as featured in MASK Magazine, Hope Edition, Winter 2013
Emotions are a natural part of who we are as human beings. Sometimes our emotions are positive and upbeat and other times they are negative and make us feel depressed, sad or angry and those emotions affect our attitude or state of mind. Often we can let our emotions get the best of us and getting a handle on those emotions can be difficult. Driving when our emotions are running high can be a dangerous practice, particularly for a novice driver. A teenager’s brain is still developing and they are vulnerable to their emotions and emotions of others. Avoiding getting behind the wheel when our emotions are running high and have control of us is the right choice to make for our own safety and the safety of others.
When we think of “distracted driving” we normally think about cell phones, but in reality distracted driving is more than just talking or texting on your cell phone. There are three different types of distractions that all drivers experience. Visual, manual and cognitive distractions. An easier way to remember these is to think eyes, hands, head. Many times it is a combination of these types of distractions that occur. Driving while extremely emotional is a form of distracted driving. A visual distraction takes a driver’s eyes away from the road to view something outside or inside of our vehicle. A manual distraction requires a driver to remove one or both hands from the steering wheel. Cognitive distractions are the most difficult to define as well as to eliminate. To be cognitive, in the context of driving, means to be fully aware of the vehicle, its speed and other operational characteristics as well as the ever-changing roadway environment. When we are splitting our attention between driving and a conversation on the phone with someone else, possibly fueling our emotion, that is a cognitive distraction and takes our full attention away from the road. Even having a “conversation in our head” about whatever is going on in our life can be a significant distraction and can cause us to miss important information such as a stopped vehicle or a red light. It may also cause us to overreact to other drivers and we may engage in risky behaviors such as cutting someone off or tailgating. This is why cognitive distractions or “keeping our head in the game” and fully focused on driving can be very difficult.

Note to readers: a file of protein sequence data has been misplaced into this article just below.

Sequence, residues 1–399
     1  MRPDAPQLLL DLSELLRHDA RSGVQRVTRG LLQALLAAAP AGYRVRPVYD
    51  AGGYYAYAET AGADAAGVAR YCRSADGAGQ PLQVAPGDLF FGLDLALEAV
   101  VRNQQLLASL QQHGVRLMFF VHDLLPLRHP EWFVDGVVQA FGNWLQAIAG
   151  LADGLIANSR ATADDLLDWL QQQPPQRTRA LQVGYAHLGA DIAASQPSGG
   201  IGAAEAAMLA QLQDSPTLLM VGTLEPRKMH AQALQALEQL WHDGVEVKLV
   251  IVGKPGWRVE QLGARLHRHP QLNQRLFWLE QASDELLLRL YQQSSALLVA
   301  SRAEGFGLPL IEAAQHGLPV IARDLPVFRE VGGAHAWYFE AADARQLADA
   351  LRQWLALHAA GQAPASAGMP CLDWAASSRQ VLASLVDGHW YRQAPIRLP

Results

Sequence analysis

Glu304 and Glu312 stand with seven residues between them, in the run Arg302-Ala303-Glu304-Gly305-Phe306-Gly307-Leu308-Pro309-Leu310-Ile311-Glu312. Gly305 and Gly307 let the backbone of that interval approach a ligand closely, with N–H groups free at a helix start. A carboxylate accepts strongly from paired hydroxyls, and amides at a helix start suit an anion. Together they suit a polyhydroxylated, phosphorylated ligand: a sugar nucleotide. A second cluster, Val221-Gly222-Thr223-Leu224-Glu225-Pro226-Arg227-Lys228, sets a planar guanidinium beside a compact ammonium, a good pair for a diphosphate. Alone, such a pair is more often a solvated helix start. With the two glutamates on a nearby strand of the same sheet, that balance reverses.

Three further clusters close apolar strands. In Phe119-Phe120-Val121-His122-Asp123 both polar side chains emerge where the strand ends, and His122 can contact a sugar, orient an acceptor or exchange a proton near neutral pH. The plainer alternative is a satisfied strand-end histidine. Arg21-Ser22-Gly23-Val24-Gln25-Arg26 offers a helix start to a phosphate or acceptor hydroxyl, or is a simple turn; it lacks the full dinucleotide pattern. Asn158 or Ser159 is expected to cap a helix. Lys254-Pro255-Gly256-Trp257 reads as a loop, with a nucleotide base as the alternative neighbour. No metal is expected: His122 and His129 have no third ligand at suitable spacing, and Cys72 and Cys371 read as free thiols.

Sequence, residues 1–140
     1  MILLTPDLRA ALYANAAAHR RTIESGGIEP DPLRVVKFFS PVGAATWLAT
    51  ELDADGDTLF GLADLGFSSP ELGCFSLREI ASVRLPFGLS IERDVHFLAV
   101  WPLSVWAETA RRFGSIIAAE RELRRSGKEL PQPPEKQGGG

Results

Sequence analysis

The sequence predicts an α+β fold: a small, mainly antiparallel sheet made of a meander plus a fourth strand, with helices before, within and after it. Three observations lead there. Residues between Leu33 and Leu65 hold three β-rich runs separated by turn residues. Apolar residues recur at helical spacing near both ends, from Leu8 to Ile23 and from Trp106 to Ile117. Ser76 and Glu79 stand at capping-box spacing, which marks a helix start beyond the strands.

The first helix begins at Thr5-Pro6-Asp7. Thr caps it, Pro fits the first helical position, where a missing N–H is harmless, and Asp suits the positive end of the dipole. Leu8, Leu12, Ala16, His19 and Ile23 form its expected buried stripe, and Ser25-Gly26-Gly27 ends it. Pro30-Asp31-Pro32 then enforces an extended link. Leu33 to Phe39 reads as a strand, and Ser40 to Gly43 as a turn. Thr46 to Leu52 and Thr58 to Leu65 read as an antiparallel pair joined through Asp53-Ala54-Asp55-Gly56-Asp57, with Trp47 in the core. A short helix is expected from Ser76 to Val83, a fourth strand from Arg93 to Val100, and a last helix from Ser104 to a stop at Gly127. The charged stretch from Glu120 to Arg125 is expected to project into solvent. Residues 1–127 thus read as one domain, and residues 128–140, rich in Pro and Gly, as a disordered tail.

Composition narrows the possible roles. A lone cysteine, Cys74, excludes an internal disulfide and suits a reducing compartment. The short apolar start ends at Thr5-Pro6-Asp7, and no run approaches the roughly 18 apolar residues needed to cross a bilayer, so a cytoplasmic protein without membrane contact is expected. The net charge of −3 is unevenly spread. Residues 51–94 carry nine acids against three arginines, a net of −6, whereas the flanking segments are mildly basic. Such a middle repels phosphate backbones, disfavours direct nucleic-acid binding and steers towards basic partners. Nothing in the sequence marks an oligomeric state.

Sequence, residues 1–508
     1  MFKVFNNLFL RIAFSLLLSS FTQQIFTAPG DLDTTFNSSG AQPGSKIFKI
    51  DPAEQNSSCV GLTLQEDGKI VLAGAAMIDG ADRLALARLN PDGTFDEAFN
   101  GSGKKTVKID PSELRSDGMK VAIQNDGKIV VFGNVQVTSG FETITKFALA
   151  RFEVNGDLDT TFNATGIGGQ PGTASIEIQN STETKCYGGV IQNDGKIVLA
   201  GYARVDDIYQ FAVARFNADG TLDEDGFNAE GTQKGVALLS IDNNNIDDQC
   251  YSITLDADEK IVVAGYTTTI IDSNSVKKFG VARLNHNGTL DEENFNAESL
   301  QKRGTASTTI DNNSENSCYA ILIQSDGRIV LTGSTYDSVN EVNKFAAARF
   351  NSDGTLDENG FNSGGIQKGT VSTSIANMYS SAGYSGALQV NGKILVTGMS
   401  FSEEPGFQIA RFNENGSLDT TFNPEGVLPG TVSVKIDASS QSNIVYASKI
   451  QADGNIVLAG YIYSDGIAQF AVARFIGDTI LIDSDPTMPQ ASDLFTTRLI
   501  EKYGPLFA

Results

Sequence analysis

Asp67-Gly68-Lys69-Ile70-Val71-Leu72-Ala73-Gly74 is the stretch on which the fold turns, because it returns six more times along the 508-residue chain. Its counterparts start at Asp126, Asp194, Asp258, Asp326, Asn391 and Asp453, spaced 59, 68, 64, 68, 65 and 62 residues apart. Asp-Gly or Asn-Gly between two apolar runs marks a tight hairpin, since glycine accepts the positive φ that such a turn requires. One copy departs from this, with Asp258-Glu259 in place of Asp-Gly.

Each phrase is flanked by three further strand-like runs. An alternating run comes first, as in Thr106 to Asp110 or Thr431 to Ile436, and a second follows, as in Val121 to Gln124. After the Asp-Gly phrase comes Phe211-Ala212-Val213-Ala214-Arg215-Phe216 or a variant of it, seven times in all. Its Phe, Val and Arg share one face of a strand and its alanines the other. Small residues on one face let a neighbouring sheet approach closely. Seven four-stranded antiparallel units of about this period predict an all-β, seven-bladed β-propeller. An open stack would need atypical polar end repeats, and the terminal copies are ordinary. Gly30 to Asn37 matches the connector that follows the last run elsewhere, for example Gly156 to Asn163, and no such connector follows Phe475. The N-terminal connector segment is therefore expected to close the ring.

How can we avoid driving when we are emotional? The first step is to be aware of our emotional make up. Ask yourself, am I someone who is easily excited either positively or negatively? Knowing this helps us to identify our emotional state quickly and make choices about how to handle a situation, particularly if driving is involved. If you need to drive, perhaps you can ask someone else to drive you to where you need to go. If that isn’t an option then take a minute or two, quiet your mind, close your eyes and take a deep breath to regain composure before you even start the vehicle. We can’t always control what happens to us, but we can control how we respond to it and knowing when our emotions have control is the first step in avoiding making poor choices because of our emotional state. Driving with our head in the game is the safe and responsible decision.